At the same time the state had expropriated both the landlords and the grain merchants. Yet the state bureaucracy's plans for rapid industrialisation required food for a vastly expanded industrial and urban population and agriculturally produced raw materials for the construction and operation of the new industries. The only way of meeting such requirements was for the state, as both the sole landlord of the peasants and as the sole purchaser of staple crops, to maintain a high rate of exploitation of the peasantry. Having now to share a substantial proportion of their crops with the state rather than with a landlord, and receiving low prices for what they had to sell to the state, most peasant's financial position was little better than it had been in the past.

Hence, the economic pressures for peasant households to migrate, although perhaps diminished, still remained. Yet at the same time, the restoration of the means of communication and transport following decades of war, and their inevitable further development with the programme of rapid industrialisation, meant that it became far easier to migrate large distances. With the restoration and extension of China's roads and railways it would become possible for peasants in the remote interior provinces to make the long journey to China's industrial and urban areas.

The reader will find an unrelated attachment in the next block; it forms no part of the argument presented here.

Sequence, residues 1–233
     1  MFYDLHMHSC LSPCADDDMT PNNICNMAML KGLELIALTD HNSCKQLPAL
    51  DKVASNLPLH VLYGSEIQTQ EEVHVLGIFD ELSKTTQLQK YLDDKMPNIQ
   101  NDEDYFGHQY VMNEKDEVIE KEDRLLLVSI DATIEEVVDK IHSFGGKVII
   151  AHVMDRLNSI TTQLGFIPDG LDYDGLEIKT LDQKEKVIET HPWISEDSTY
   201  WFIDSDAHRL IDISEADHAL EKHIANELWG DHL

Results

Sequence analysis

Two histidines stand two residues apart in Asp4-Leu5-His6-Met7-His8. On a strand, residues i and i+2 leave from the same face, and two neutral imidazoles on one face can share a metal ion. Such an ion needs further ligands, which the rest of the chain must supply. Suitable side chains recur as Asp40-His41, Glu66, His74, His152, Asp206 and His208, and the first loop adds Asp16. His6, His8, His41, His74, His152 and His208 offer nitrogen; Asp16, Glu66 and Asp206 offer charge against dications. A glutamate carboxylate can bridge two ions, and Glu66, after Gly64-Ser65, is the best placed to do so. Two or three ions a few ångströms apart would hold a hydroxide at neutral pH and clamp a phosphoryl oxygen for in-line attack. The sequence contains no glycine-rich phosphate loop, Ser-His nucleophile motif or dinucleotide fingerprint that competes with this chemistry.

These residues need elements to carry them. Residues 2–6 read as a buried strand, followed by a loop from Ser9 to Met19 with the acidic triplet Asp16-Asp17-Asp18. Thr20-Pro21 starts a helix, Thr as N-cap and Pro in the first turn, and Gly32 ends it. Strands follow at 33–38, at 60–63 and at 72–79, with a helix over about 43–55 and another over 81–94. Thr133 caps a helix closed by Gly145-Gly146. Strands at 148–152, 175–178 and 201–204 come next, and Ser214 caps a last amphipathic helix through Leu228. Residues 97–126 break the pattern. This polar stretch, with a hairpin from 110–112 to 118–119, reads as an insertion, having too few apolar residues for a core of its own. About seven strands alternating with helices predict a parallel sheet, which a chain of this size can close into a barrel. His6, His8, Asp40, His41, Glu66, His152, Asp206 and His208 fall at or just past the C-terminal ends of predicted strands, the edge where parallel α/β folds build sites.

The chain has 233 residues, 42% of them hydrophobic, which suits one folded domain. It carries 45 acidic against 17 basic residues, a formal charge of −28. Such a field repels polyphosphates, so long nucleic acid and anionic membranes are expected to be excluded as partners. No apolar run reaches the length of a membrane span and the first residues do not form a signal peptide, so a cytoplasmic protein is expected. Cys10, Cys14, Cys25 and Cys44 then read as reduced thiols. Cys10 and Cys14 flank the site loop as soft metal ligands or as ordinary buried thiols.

However, although there were more than enough migrant workers in the Chinese countryside to meet the demand for unskilled labour, the unprecedented scale and pace of the industrial construction that was planned meant that there could only be a severe shortage of skilled labour. The Chinese state planners therefore faced a twofold problem with regard to meeting the labour requirements of rapid industrialisation: a potential oversupply of unskilled labour combined with an acute shortage of skilled workers.

This two-fold problem was addressed in two distinct but complementary ways. Firstly, in order to restrict unauthorised migration to the towns and cities, the ancient hukou system of residency permits was revived and strictly enforced, especially following the Great Leap Forward (GLF). Secondly, as a general rule, managers of individual state enterprises and construction projects were not allowed to hire workers directly. Instead, workers were recruited by state labour bureaus and then allocated to state enterprises and construction projects in accordance with the priorities set by the central state planners.

As a result, it was very difficult for peasants to migrate to the towns and cities without going through party-state channels. At the same time, the central planners were able to ensure that skilled labour in short supply could be directed to where it was most needed, and, at the same time, the vast armies of unskilled labour could be recruited when and where necessary without the risk of opening the floodgates to an uncontrolled migration of labour that might overwhelm the limited resources of the urban areas.

So, in contrast to the USSR, there had been more than enough peasants in the countryside willing and able to spend periods of time providing the muscle power necessary for the planned rapid construction of heavy industry. This pool of labour could be readily recruited in the requisite numbers by the state labour bureaus through the Party's extensive organisations across the countryside on short-term contracts for the duration of particular construction projects. Once these projects were completed these contracted workers could be either offered new contracts on new projects or obliged to return to the countryside.